On February 1, 2021, the Myanmar military took over the government in a coup d’tat. That was a big deal. We stayed as long as we could in Myanmar. But eventually, we were again required to leave by the company my partner works for. I had to leave first. In March, I flew to India by myself. I met my partner’s family in person for the first time, alone!
Moving to India
I became a guest in the home of my partner’s sister, and her husband. I was lucky that just a month before, they had moved right to the center of Delhi. At this time, things were seemingly good in India. Free movement was allowed, and wearing masks was the most inconvenience I felt from the pandemic. After two weeks in Delhi, and meeting my partner’s parents, I flew to Goa for some alone time and an opportunity to see India!
Traveling Alone in India
It was the very end of beach season, as it was getting way too hot to enjoy the outdoors much or to stay in the sun. There were parts of Goa that were as crowded as I expected. One Sunday night on a beach with many nightclubs, I found this overwhelming energy around me. As I looked down the beach, I realized it was full of people for as far as I could see. It had been so long since I had stood in a crowded space. I could feel my body vibrating, like all of their auras were bumping up against mine.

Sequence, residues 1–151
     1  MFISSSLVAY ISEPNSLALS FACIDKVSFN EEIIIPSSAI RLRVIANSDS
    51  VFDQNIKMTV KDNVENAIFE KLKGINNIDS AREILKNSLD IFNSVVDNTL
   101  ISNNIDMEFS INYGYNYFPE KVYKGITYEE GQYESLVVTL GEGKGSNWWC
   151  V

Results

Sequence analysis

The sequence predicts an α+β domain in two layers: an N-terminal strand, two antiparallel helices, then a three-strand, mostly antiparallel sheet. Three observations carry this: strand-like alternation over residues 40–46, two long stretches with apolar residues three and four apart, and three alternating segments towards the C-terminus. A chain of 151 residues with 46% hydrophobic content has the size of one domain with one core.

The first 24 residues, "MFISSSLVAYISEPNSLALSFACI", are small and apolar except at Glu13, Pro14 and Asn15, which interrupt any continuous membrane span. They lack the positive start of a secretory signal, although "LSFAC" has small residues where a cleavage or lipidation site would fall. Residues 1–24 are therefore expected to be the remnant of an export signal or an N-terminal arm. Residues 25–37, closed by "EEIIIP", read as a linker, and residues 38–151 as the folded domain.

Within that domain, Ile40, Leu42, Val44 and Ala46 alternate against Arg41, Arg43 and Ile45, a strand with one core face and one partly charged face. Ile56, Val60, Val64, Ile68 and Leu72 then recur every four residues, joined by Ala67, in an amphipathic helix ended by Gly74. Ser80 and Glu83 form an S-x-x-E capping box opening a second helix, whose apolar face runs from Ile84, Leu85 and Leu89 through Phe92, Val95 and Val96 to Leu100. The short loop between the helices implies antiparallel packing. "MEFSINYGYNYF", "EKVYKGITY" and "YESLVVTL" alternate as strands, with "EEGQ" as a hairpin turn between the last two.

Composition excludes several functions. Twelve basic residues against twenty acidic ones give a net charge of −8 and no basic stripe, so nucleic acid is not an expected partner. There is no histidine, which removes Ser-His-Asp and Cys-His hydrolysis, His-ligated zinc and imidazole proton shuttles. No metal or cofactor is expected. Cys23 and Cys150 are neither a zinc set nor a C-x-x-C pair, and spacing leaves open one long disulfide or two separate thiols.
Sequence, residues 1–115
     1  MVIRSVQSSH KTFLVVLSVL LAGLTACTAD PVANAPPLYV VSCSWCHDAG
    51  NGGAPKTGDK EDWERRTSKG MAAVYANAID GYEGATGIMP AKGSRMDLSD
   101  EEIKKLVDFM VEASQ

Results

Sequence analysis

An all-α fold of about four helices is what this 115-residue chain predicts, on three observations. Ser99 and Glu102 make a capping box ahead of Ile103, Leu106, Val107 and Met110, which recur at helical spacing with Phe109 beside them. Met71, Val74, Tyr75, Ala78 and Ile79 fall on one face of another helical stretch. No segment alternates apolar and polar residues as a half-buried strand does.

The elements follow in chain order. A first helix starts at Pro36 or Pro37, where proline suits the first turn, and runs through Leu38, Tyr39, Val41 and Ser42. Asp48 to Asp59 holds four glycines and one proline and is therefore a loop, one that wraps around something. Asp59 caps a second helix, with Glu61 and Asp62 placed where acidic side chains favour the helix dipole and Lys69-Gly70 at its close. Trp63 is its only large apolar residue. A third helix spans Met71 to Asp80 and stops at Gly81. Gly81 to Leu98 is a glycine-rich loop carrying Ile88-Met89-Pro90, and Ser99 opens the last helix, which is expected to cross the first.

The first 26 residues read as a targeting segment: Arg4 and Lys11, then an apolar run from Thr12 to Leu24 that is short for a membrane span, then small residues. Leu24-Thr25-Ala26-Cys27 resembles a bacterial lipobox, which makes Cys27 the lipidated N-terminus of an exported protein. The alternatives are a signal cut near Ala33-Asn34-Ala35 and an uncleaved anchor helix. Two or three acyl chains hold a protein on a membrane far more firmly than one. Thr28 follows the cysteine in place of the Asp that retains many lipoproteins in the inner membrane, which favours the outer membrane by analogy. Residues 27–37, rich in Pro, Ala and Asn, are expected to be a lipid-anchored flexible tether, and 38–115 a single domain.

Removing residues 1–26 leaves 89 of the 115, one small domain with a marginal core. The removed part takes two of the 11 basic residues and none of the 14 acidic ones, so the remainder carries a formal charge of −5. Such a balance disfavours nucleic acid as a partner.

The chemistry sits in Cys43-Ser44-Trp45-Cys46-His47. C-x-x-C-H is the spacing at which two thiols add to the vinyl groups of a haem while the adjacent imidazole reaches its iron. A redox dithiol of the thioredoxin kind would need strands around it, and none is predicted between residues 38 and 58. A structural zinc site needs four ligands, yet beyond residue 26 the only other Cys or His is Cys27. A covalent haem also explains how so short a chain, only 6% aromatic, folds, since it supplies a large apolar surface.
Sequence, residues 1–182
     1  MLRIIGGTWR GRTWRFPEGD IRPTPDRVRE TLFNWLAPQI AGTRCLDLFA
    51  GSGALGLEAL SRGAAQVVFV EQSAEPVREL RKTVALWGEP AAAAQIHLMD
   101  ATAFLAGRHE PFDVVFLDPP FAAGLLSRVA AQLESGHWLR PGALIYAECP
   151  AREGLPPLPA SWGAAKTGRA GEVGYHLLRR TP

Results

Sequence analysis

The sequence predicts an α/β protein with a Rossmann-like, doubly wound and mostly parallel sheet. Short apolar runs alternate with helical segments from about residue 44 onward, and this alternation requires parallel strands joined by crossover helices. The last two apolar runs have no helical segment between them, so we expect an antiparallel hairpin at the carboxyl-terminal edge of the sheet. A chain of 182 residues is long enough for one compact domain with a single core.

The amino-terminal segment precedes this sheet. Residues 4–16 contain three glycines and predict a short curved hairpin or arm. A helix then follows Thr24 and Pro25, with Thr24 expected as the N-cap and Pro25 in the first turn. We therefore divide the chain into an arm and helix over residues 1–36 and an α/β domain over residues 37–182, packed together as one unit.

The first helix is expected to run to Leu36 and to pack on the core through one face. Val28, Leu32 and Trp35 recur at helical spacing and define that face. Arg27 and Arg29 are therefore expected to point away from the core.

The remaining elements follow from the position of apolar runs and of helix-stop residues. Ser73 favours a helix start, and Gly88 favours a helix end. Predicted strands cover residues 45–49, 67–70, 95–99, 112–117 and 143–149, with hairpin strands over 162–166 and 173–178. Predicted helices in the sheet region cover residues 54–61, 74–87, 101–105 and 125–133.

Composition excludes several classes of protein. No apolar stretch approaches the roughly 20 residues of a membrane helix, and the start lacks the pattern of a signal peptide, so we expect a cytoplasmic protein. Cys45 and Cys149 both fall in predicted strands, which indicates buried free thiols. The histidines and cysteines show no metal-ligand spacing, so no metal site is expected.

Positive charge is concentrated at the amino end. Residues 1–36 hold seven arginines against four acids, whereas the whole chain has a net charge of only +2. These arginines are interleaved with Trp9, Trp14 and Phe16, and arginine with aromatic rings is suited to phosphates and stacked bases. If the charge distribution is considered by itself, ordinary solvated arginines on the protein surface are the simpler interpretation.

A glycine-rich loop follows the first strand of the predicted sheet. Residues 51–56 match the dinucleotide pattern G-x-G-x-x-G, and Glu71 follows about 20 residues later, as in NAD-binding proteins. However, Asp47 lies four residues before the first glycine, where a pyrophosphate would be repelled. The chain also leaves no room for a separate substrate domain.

I felt a lot of eyes on me. I realized that I stood out not only for being so pale and white, but also because I was completely alone. Everyone I saw traveling and enjoying the beach had at least a partner with them. Many traveled in groups of six or more, sharing their holidays with extended family. Many people asked me about how I got there, if tourism was open again, and why I was traveling alone.
As much as I was warned about watching my things, protecting myself, and being wary of strangers as a person traveling alone in India, I felt safe and secure on my own. There was only one incident where I felt I let things get a little out of hand, and it was over rather quickly as others saw my situation and helped me.